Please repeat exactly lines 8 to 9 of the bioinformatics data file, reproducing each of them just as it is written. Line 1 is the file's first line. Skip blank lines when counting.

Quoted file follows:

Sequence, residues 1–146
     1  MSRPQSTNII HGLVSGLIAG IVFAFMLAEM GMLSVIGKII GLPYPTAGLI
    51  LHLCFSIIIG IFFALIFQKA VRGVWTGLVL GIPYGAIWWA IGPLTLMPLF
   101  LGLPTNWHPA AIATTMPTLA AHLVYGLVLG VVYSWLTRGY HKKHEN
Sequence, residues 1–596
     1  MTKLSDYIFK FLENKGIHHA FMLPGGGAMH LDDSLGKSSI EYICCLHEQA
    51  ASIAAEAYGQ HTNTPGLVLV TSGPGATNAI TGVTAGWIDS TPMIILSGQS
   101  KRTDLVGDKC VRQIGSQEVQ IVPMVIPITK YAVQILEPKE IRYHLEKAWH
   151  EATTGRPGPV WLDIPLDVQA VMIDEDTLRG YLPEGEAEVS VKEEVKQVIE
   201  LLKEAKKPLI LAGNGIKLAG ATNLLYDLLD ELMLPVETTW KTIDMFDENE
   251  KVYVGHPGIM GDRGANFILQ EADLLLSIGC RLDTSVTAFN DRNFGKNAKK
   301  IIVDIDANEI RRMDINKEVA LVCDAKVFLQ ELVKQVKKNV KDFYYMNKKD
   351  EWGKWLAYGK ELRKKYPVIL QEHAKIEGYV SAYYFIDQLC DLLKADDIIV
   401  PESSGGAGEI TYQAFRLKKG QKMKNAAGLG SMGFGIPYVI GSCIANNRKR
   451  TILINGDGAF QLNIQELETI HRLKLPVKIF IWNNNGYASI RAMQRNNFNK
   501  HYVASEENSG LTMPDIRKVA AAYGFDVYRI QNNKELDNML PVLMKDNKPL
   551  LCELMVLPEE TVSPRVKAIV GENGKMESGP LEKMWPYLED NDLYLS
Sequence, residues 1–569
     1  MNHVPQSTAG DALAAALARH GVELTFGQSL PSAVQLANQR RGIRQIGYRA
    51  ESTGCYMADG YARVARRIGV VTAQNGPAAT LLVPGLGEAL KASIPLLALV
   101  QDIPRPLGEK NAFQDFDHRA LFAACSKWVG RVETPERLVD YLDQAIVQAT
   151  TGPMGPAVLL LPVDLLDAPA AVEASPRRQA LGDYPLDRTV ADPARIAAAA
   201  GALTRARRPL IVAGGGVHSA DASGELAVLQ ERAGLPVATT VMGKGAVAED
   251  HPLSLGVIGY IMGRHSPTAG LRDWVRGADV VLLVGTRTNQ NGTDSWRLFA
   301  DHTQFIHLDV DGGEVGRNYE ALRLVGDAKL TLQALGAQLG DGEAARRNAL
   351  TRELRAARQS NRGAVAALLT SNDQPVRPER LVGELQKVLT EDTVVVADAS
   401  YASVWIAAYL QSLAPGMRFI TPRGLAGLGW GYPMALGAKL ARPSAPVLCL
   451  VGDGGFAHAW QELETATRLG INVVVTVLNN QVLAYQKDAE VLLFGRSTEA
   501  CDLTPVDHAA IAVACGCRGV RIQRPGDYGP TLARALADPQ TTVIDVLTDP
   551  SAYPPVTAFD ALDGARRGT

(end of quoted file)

   101  KRTDLVGDKC VRQIGSQEVQ IVPMVIPITK YAVQILEPKE IRYHLEKAWH
   151  EATTGRPGPV WLDIPLDVQA VMIDEDTLRG YLPEGEAEVS VKEEVKQVIE